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Procurement and new regional interest groups

  • Thomas Pettersson

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    Traditionally, Sweden has not belonged to the Anglo-Saxon market-centred welfare model. However, Sweden is today among the European countries with the highest degree of public outsourcing and procurement of welfare services via competitive markets. The aim of this article is to investigate the development of procurement of inter-regional railway passenger transports and to explore how this affected the allocation of public resources since 1988. Did procurement only increase the efficiency of policy implementation (same or better service for the same or lower price), or did it also indirectly affect the outcome of policy (the relative allocation of public resources between regions and modes of transportation)? The article shows that procurement enabled new regional interest groups to affect the outcome of policy, which in turn changed the allocation of subsidies to railway passenger transports. The results are relevant for the future organization of the transport sector to avoid unwanted side effects from procurement and other new organizational models.'

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    File URL: http://www-sre.wu.ac.at/ersa/ersaconfs/ersa10/ERSA2010finalpaper1641.pdf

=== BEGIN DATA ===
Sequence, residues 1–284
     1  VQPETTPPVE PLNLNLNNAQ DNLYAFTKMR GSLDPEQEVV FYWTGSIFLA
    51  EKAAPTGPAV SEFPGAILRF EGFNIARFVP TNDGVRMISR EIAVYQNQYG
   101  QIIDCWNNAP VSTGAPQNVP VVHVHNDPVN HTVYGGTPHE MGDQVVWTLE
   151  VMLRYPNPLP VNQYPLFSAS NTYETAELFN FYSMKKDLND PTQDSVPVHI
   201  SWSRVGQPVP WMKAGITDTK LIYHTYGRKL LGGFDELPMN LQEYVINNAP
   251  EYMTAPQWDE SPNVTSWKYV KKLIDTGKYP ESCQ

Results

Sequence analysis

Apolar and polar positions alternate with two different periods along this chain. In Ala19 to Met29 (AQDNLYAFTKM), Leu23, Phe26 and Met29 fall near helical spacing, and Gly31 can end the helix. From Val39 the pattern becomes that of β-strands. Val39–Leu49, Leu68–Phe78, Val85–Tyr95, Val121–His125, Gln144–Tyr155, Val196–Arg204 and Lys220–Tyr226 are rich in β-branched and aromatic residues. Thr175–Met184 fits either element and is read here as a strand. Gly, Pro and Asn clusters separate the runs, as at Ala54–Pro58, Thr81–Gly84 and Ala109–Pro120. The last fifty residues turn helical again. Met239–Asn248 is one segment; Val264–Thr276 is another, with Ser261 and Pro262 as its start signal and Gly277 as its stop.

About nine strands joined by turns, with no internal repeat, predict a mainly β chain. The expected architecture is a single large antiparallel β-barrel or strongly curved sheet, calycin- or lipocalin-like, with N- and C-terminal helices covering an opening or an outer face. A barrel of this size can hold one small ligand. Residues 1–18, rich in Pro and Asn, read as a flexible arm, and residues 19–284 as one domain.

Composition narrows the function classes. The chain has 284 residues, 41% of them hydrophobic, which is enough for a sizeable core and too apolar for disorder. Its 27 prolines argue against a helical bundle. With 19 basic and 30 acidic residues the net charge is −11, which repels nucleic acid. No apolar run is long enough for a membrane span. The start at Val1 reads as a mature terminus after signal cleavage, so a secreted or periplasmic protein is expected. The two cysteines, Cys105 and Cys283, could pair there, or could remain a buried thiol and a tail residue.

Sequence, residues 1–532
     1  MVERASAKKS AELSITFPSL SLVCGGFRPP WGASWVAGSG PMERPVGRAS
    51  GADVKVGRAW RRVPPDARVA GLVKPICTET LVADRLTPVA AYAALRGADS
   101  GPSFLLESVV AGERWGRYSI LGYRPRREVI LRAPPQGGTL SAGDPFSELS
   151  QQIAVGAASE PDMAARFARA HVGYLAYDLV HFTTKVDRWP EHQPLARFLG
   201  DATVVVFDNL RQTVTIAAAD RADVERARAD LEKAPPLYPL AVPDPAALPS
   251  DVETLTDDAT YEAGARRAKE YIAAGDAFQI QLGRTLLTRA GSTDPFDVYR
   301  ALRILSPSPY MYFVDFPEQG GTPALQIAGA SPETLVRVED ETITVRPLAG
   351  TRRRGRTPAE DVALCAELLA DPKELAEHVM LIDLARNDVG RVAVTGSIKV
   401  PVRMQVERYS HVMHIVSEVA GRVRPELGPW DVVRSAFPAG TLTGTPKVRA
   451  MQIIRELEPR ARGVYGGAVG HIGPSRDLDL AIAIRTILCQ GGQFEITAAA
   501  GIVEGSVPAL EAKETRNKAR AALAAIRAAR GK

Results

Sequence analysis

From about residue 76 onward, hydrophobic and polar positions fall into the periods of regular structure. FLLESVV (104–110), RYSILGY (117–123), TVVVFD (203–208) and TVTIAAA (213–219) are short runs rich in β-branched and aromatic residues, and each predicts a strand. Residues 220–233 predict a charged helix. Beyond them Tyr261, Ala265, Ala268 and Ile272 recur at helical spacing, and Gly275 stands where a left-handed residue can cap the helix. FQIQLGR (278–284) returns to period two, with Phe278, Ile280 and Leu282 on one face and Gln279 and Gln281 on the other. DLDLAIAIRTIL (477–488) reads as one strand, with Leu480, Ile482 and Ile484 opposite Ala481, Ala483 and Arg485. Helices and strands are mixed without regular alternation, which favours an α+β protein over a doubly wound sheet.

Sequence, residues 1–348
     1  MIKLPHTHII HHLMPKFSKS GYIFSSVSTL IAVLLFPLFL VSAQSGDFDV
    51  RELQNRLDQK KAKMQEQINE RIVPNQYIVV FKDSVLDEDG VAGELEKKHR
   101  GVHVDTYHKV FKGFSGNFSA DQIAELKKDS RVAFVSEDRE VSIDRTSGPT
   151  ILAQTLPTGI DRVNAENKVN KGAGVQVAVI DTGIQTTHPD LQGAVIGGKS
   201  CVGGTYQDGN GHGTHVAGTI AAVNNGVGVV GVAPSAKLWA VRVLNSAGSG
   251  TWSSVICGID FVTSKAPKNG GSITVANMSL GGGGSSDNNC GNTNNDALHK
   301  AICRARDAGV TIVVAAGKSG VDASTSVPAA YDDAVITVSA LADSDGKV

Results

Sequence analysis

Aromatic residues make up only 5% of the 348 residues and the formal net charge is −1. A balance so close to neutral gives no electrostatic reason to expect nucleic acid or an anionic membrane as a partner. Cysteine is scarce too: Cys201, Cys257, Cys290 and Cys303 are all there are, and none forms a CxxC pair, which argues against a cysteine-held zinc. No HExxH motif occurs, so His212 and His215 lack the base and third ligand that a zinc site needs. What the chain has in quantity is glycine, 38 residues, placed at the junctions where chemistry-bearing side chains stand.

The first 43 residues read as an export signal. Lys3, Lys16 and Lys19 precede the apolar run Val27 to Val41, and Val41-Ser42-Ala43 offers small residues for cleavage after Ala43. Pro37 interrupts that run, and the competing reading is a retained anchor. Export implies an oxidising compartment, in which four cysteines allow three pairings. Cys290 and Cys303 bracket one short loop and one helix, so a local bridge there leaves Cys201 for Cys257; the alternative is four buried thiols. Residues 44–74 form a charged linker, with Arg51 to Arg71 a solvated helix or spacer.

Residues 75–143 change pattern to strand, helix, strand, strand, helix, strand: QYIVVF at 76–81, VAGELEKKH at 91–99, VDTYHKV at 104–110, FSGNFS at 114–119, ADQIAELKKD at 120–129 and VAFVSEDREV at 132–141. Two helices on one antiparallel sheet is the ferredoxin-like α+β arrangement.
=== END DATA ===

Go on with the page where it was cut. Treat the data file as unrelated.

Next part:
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    Paper provided by European Regional Science Association in its series ERSA conference papers with number ersa10p1641.

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    Date of creation: Sep 2011
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    Handle: RePEc:wiw:wiwrsa:ersa10p1641
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    1. Roger Wettenhall, 2005. "Agencies and non-departmental public bodies," Public Management Review, Taylor & Francis Journals, vol. 7(4), pages 615-635, December.
    2. Nash, Chris, 2008. "Passenger railway reform in the last 20 years - European experience reconsidered," Research in Transportation Economics, Elsevier, vol. 22(1), pages 61-70, January.
    3. Alexandersson Gunnar & Hultén Staffan, 2008. "The Swedish Railway Deregulation Path," Review of Network Economics, De Gruyter, vol. 7(1), pages 1-19, March.
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